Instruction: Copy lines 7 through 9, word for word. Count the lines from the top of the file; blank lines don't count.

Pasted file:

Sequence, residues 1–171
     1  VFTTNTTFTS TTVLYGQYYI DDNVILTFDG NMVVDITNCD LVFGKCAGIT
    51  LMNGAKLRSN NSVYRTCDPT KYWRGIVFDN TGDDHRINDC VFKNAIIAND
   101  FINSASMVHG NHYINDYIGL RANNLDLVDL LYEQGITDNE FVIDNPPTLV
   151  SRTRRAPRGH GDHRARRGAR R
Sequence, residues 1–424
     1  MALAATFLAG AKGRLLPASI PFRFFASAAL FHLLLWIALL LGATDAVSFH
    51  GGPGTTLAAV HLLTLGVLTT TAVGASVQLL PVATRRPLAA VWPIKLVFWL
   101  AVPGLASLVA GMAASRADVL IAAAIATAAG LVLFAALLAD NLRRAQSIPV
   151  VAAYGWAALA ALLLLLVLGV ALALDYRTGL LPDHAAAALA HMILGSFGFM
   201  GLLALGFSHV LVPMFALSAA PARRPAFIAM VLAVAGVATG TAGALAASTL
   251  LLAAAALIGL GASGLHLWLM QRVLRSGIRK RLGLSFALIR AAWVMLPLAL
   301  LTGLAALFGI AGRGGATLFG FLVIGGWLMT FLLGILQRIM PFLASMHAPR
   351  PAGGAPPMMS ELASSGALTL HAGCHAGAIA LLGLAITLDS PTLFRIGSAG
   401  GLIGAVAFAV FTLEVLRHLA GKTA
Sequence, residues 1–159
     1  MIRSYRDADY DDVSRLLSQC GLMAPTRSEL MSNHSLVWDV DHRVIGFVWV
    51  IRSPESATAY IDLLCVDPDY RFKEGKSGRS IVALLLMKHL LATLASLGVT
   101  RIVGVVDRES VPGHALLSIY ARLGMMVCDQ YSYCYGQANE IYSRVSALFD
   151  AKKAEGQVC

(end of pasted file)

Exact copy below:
     1  MALAATFLAG AKGRLLPASI PFRFFASAAL FHLLLWIALL LGATDAVSFH
    51  GGPGTTLAAV HLLTLGVLTT TAVGASVQLL PVATRRPLAA VWPIKLVFWL
   101  AVPGLASLVA GMAASRADVL IAAAIATAAG LVLFAALLAD NLRRAQSIPV